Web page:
• “All that said, I’ve always been a fan of how accurate and balanced Apple’s LCDs are compared to the OLEDs on most Android phones, and the XR is definitely another Apple LCD. If you’re coming from an iPhone 6, 7, or 8, it will look very familiar. But it’s simply not as good as Apple’s OLEDs. It doesn’t have the deep black levels or infinite contrast of the iPhone XS, it doesn’t support HDR or Dolby Vision video playback, and, in general, you can always see the border between the bezel and the edge of the display, even with a dark background. Even with Apple’s True Tone color calibration turned on, it’s always a little warmer than my XS. And there’s that off-axis color shift and shimmer.” — Nilay Patel, The Verge
• “The difference here isn’t about the XS models being A-team phones and the XR being a B-team phone. It’s more like the XS models are a bit luxurious — an extra camera, stainless steel frames instead of aluminum, OLED instead of LCD — and the XR is a bit more practical. But they’re all on the A-team in terms of quality and performance. The XR is actually better in some ways, notably battery life and low-light Portrait Mode photography.” — John Gruber, Daring Fireball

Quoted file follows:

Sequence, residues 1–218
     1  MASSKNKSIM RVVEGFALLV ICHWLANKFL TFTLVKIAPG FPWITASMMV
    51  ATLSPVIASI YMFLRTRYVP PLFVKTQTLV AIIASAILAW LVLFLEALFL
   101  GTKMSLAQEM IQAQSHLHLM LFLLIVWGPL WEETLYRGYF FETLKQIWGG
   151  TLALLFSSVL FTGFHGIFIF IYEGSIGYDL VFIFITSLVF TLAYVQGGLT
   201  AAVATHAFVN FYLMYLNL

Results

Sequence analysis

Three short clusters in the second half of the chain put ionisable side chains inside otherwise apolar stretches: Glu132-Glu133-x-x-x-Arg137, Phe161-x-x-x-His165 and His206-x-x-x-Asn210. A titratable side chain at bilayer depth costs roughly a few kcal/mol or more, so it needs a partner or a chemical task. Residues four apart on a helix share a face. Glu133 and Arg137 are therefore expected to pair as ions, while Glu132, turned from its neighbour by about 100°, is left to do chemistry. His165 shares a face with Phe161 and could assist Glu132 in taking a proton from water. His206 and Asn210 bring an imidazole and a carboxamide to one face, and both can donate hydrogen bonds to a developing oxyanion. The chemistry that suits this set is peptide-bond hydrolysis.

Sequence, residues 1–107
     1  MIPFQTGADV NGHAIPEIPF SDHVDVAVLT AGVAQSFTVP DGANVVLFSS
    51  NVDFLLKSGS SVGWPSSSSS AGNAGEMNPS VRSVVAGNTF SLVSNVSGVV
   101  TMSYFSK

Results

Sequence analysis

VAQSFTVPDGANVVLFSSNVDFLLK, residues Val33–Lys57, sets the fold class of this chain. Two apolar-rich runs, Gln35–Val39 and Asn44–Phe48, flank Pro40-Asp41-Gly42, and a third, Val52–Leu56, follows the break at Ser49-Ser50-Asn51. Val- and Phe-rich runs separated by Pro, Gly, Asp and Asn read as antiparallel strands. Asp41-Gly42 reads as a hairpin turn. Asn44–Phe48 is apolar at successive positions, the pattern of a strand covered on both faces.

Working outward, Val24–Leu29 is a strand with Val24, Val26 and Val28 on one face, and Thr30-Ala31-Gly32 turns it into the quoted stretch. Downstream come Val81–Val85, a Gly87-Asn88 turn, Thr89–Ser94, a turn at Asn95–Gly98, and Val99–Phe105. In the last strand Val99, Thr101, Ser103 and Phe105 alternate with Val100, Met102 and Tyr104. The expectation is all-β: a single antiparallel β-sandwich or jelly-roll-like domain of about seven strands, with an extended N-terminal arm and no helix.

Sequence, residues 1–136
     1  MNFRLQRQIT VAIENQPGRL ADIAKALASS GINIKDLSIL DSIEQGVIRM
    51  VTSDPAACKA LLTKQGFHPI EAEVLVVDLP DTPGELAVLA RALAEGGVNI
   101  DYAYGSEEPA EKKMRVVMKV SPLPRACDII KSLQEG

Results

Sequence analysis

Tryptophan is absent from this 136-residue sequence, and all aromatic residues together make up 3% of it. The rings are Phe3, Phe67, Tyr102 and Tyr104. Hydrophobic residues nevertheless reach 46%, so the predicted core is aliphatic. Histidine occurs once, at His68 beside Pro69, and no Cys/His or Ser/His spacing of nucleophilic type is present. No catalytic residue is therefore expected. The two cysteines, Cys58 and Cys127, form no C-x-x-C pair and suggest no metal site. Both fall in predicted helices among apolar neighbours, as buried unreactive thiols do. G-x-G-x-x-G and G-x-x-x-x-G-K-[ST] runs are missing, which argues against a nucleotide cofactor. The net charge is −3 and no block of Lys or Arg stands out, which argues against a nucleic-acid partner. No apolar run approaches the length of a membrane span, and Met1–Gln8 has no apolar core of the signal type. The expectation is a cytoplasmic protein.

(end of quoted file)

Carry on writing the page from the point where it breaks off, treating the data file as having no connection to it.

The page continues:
• “Apple has created an iPhone that delivers 95 percent of the high-end iPhone XS experience at 75 percent of the cost. Yes, there are compromises: The screen and the camera take small steps back from the XS models, along with a few other feature nips and tucks. But in using the XR for nearly a week after living with the XS, the only feature I truly missed was the rear camera telephoto lens. ” — Scott Stein, CNET
Display: LCD Multi-Touch display
Processor: A12 Bionic chip, next-generation Neural Engine
Rear Camera:: 12-megapixel wide-angle camera (ƒ/1.8), digital zoom up to 5x
Front Camera: 7-megapixel camera (ƒ/2.2)
Colors: white, black, blue, yellow, coral, red
Capacity: 64, 128, 256 GB
Other features: Rated IP67, wireless charging, FaceID, Portrait mode
Apple provided this product for review.